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Friday, 29 May 2015

Happy Birthday Flag Boy

By Dani Ferguson Phillips of The Cataract Club

I remember the day daddy told you that you were so special the flag was waving in your honor. It was your sixth birthday and I was almost five years old. Your birthday was the first big event of the summer and you would pave the way for my birthday in July. For only four-and-a-half weeks you were boastfully “two” years older than me.

When you heard about flag day you were so excited and wanted to drive up and down main street just so you could see the flags that lined the street. You would yell out the window to passersby letting them know that it was your birthday.

How thrilled you were when people responded with a happy birthday shout back to you.

I wish life had always been so carefree for you, dear brother. You seemed to be the kid in the family who inherited all the broken genes. Asthma was your nemesis almost as soon as you could walk. I remember hearing your labored breathing from my bedroom next to yours.

Holidays, with their excitement and festivity, would almost always induce an asthma attack that sent you to the hospital. I remember the first time I visited you in the hospital when we were little and saw you lying under the oxygen tent. I was almost jealous because I wanted a fort of my own.

You were a mystery to me when we were kids. You never quite accepted your abdication from the throne as the youngest child. Therefore you never quite accepted me.

I'll never forget when you told me that you really didn't know I existed until the day I became a mother myself. Twenty-one years is a long time to be invisible.

I have watched you struggle to live in a world that was often confusing and frightening. Your diagnosis of schizophrenia was not only a shock to the family but certainly to you. Although it gave clarity to your often "odd behavior," it must have been horrifying to a 19-year-old young man. It spelled out a future that was uncertain and foreign to us all.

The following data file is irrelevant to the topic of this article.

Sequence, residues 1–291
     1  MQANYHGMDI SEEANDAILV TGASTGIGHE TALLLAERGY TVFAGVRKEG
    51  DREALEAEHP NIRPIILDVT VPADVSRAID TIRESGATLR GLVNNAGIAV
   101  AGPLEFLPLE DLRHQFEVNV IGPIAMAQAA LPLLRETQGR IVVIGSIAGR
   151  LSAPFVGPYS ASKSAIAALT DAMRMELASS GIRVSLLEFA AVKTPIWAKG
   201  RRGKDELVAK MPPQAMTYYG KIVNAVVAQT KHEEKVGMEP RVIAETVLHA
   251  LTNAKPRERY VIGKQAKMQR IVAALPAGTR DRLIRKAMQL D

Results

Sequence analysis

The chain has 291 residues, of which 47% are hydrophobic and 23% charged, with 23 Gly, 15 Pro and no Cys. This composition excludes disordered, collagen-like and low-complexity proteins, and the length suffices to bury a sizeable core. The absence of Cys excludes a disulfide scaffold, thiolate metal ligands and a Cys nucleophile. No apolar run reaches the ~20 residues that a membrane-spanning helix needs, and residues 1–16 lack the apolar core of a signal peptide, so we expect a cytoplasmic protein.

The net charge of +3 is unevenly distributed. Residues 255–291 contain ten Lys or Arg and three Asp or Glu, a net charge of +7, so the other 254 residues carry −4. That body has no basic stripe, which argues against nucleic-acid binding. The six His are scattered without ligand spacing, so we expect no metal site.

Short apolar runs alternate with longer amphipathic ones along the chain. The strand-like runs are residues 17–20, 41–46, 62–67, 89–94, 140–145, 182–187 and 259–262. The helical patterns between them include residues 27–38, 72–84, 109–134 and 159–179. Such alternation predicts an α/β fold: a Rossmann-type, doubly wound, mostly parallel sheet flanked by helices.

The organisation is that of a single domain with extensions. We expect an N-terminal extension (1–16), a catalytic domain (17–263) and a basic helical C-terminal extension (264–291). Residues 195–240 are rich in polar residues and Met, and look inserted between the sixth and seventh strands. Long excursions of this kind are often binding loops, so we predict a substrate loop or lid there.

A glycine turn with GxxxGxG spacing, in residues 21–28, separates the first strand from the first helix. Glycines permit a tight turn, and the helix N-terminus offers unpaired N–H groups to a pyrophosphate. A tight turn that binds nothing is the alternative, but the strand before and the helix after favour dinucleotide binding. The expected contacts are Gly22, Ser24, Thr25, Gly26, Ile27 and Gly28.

But here you are almost 67 years old. The flags will soon be flying high for you dear brother. I have learned so much from you and you have inspired me to never take anything for granted.

Most of life's obstacles have been reduced to minor inconveniences compared to your constant struggle to differentiate between delusion and reality. But no matter how you walk that fine line between sanity and insanity, you always speak from a place of sincerity and honesty that the rest of can only strive to reach.

When our dear auntie was complaining about her own precious granddaughter and threatening to never speak to her again because of some questionable behavior on her part, you simply responded, "Well, I just love her!"

You, dear brother, silenced the entire room. You showed us all that judgment needs to be for the one who will judge us all and that our job here on earth is to merely love and accept one another.

And so - dear brother. Thank you for being a part of my life! Thank you for allowing me a glimpse of the world as you see it. You have made me a better person.


[INVITATION: All elders, 50 and older, are welcome to submit stories for this blog. They can be fiction, non-fiction, poetry, memoir, etc. Please read instructions for submitting.]

Posted by Ronni Bennett at 05:30 AM | Permalink | Email this post

Comments

What a lovely Birthday message for your brother, Dani. Thanks for sharing this with us. You reminded me that I need to call my brother whom I haven't seen in over 4 years and who lives only 3 hours away..Gotta take a trip to Gig Harbor soon!

Elle (PlantCrone) in Beavertob, OR

Wonderful writing Dani, and so personal to me. My older two children have abandoned their younger bipolar brother, and so has his father. And he is so sweet, and smart, and remarkable. And they threw me out too, as I support him.

Today many just cut people out, so simple rather than dealing with real life and truth. Is that a new phenom
for this generation?

You are truly beautiful.

I am struck by the sincerity of your brother's view. Funny how he put everything in perspective. Those with the most broken lives sometimes possess the most beautiful hearts.

I just imply cried.

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